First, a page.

This cyclical nature of the seasons of the spirit is counter to our dominant cultural narrative of self-improvement, with its ethos of linear progression toward states of ever-increasing flourishing. It is counter, too, to the world’s major spiritual traditions, with their ideas of salvation and enlightenment. (Any longtime practitioner of Zen or metta meditation, for instance, knows that while we do reach moments of so-called enlightenment — a gladsome dissolution of the self into an all-pervading lovingkindness — these moments are inevitably punctuated by visitations of our habitual tendencies toward egoic shortness of temper, the self-absorption we call melancholy, and other conditioned modes of unenlightened conduct.) And yet befriending this cyclical rhythm of our inner lives, May observes with life-tested clarity, is the key to wintering — to emerging from the coldest seasons of the soul not only undiminished but revitalized.
Drawing on the analogy of tress — these most fertile metaphors for our humanity, in which we see ourselves and see quiet wisdom on how to live with ourselves, on how to live with each other, on the root of authenticity, on what it means to be an artist and what it means to be human — she writes:
We are in the habit of imagining our lives to be linear, a long march from birth to death in which we mass our powers, only to surrender them again, all the while slowly losing our youthful beauty. This is a brutal untruth. Life meanders like a path through the woods. We have seasons when we flourish and seasons when the leaves fall from us, revealing our bare bones. Given time, they grow again.
In one of the book’s wonderful portals into the world of science as a means of comprehending our elemental humanity, May considers the astonishing actuality of trees beyond the merely metaphorical:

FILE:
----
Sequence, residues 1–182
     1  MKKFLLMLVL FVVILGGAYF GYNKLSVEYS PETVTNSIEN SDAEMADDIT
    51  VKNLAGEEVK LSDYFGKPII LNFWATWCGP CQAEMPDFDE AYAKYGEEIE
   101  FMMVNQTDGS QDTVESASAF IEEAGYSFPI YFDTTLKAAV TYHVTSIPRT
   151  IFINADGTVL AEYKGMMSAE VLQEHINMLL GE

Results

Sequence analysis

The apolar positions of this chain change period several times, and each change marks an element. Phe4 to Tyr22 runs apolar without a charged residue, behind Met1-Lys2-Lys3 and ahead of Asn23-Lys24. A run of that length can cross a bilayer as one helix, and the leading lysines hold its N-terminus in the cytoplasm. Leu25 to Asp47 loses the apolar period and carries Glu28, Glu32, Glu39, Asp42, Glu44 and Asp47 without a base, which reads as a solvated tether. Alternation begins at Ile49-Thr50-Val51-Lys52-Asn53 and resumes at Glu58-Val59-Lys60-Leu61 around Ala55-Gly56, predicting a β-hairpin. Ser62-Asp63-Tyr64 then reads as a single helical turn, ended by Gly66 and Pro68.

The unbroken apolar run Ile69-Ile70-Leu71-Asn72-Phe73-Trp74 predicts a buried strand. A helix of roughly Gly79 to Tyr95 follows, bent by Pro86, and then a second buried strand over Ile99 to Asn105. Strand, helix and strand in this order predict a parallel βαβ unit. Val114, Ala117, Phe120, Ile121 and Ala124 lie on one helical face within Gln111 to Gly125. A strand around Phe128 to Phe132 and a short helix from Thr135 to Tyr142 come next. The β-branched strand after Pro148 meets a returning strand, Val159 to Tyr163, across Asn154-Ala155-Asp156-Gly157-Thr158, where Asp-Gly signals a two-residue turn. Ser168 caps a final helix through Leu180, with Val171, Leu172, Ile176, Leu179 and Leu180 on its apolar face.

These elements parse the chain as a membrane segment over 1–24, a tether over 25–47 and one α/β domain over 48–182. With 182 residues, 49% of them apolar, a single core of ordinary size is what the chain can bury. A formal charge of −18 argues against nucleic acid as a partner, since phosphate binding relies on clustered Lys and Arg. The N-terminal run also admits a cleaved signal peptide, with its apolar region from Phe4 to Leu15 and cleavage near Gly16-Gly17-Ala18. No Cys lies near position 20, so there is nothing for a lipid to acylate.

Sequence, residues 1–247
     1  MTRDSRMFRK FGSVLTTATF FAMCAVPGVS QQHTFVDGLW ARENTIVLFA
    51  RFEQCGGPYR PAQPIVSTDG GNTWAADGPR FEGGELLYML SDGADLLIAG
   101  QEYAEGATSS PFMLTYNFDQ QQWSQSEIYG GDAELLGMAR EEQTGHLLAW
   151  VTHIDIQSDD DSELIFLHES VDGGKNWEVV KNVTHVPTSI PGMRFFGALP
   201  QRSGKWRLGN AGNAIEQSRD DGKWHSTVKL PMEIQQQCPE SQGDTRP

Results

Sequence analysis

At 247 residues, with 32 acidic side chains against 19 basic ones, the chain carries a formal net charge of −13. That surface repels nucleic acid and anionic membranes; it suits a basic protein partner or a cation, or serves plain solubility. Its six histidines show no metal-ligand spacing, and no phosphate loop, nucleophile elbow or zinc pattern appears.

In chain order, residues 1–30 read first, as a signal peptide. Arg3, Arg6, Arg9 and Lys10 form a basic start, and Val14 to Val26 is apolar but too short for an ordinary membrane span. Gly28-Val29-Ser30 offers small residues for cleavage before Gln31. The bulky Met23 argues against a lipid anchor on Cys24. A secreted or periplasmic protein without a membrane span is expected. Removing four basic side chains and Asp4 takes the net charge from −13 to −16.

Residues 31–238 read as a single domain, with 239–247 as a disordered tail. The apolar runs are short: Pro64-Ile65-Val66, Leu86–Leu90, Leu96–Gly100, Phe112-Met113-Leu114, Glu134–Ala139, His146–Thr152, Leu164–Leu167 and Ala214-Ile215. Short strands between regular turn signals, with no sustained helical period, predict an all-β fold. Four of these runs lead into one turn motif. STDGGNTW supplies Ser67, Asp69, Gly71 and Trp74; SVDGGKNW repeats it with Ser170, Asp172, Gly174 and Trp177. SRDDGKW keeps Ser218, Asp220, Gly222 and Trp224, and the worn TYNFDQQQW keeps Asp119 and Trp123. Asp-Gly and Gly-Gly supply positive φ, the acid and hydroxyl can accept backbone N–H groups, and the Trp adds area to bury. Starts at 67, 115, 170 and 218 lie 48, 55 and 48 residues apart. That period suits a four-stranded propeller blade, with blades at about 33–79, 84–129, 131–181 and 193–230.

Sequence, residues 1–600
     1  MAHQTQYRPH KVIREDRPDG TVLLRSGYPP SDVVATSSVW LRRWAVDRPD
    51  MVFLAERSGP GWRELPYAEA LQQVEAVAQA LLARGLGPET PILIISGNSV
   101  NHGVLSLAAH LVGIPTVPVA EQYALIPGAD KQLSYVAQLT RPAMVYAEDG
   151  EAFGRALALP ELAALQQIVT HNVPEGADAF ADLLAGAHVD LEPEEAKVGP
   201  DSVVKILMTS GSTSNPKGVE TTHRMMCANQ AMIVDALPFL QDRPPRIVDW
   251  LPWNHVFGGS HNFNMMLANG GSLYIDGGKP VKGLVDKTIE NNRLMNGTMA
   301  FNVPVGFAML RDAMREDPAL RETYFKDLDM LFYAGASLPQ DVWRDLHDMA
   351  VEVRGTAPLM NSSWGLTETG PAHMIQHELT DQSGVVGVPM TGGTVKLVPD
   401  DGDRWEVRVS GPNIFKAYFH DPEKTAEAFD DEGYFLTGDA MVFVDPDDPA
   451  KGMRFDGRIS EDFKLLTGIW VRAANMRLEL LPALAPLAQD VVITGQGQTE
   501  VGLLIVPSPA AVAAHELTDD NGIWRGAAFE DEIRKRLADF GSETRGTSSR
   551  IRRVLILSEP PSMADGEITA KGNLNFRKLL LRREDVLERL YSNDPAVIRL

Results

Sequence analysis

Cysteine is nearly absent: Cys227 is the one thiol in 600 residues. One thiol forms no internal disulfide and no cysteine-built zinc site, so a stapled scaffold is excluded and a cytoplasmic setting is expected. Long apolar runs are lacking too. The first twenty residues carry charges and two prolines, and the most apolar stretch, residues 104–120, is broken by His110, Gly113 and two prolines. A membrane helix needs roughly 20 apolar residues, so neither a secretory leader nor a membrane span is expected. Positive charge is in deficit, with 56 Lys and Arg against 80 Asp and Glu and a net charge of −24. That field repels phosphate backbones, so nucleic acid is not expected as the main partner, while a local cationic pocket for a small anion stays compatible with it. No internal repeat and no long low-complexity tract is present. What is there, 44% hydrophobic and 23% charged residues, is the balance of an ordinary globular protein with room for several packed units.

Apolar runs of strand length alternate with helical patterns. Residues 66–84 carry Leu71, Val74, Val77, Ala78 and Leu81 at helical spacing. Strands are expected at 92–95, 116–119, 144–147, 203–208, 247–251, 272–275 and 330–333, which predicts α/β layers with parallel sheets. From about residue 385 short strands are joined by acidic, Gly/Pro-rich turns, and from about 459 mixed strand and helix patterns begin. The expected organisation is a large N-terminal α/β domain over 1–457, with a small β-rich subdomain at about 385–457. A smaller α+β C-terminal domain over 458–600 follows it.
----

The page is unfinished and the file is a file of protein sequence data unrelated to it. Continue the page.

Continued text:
The dropping of leaves by deciduous trees is called abscission. It occurs on the cusp between autumn and winter, as part of an arc of growth, maturity, and renewal. In spring and summer, leaf cells are full of chlorophyll, a bright green substance that absorbs sunlight, fueling the process that converts carbon dioxide and water into the starch and sugar that allow the tree to grow. But at the end of the summer, as the days grow shorter and the temperature falls, deciduous trees stop making food. In the absence of sunlight, it becomes too costly to maintain the machinery of growth. The chlorophyll begins to break down, revealing other colours that were always present in the leaf, but which were masked by the abundance of green pigment: oranges and yellows, derived from carotene and xanthophyll. Other chemical changes take place to create red anthocyanin pigments. The exact mix is different for each tree, sometimes producing bright yellows, oranges, and browns, and sometimes displaying as reds or purples.
But while this is happening, a layer of cells is weakening between the stem and the branch: this is called the abscission zone. Gradually it severs the leaf from access to water, and the leaf dries and browns and in most cases falls off, either under its own weight or encouraged by wintery rains and winds. Within a few hours, the tree will have released substances to heal the scar the leaf has left, protecting itself from the evaporation of water, infection, or the invasion of parasites.